Spiral: From the Book of Saw

In 2004, two passionate independent creators gave my teenage generation our very own annual slasher to look forward to. For better or worse, the Saw franchise was a staple for the Halloween season for 6 years and holds a special place in my heart. From Charlie Clouser's unbeatable score to the vicious editing style and sickly saturated color palette. After they closed the book on the series with a lackluster finale in 2010, they resurrected it with 2017's Jigsaw, which, despite having potential, brought nothing new to the series and was the equivalent of derivative fan fiction that didn't pay attention to the lore.

Spiral follows in the same disappointing footsteps, but to an even worse degree because by the time you figure out what the story is, you realize that this did not need to be a Saw movie. It definitely has ideas that could be well integrated into the Saw universe, but they're wasted on a beat-for-beat rehash of what we've come to expect from the 8 other films.

A great Saw film has to balance the elements of continuing the Jigsaw story, introducing interesting victims, and constructing unique traps. Whilst also staying true to the atmosphere of hopelessness and moral ambiguity, decorated by the grungy production design and diseased colors. The traps in Spiral have a gritty and industrial flare, but hold almost no emotional weight for the victims. They're names to be crossed off a fodder list and nothing more. Unlike Jigsaw, the color palette has returned to its familiar over saturated colors and prominent blacks, painting a believable urban city caught in a heat wave (a detail they choose to mention for some reason?)

Chris Rock's performance as a detective desperately trying to keep justice alive in both the city and his precinct is a mixed bag of amusing personality and dramatically mugging to the camera as much as possible. I don't doubt he put his full talent into the movie, as he was one of the driving forces behind making this film happen, but his character is in the wrong movie and doesn't work as a leading man. Meanwhile the rest of the cast, save for Samuel L. Jackson whose talent is wasted in this film, is plagued by embarrassing dialogue (some of which is clearly recorded in post), and lazy delivery.

Ultimately, the major problem with the film is how the overarching Jigsaw story and intrigue that comes with it is nowhere to be found. The motive behind the mysterious murders is the equivalent of a criminal citing a video game or a movie as their inspiration for why they committed their crimes. John Kramer's philosophy, placing those who do not value their life in extreme scenarios of violent survival, is shoehorned in for the sake of brand recognition. Much like how many movie theaters are advertising this movie as "Spiral: SAW" for those who would otherwise have no interest in seeing a movie that is the 9TH INSTALLMENT in a series that no one is asking for anymore.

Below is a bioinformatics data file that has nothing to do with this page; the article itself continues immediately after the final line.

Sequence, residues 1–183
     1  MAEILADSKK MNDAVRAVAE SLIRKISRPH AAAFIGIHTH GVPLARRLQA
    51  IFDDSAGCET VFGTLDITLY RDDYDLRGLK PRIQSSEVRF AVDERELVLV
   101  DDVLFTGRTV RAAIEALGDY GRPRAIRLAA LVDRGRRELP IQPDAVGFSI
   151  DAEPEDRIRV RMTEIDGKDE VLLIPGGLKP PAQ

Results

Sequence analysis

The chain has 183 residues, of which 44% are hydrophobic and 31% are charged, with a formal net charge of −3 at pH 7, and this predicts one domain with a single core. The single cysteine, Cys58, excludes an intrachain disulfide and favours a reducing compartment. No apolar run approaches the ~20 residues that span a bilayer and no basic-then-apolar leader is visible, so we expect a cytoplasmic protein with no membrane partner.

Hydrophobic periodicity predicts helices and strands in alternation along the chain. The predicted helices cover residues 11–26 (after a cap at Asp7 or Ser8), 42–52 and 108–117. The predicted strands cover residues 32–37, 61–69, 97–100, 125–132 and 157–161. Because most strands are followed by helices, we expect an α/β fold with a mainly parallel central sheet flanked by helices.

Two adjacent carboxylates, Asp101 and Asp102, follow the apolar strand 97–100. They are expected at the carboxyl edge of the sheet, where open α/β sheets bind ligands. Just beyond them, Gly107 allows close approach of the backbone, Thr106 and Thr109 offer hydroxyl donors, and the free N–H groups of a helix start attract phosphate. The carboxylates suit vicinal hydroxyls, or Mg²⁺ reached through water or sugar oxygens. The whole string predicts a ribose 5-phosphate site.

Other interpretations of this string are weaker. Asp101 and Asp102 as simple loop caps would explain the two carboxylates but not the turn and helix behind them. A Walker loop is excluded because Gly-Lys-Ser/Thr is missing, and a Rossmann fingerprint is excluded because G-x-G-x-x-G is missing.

Spiral doesn't continue the series story, take away from it, or change it in any way. Kudos for not ruining anything already established, but it doesn't answer any questions, reference surviving characters, or add anything fresh. Jigsaw's influence may continue to exist in this world, but if anyone is capable of setting up his traps for the wrong reasons, what's the point? If Lionsgate desperately wants to keep their horror franchise relevant then why are they wasting their time with half baked ideas and a depthless story?

Those who are wondering what else I would expect from a Saw movie are neglecting the fact that a number of the films possess genuine quality. At its core, the Saw series remains as a morality tale that focuses on the dark side of humanity and how much someone is willing to sacrifice to cherish their own life. After 11 years, we shouldn't have to suffer through the same lazy screenwriting that plagued so many of the sequels. And yet the series continues to keep spiraling down into irrelevant mediocrity with a shiny new coat of paint.

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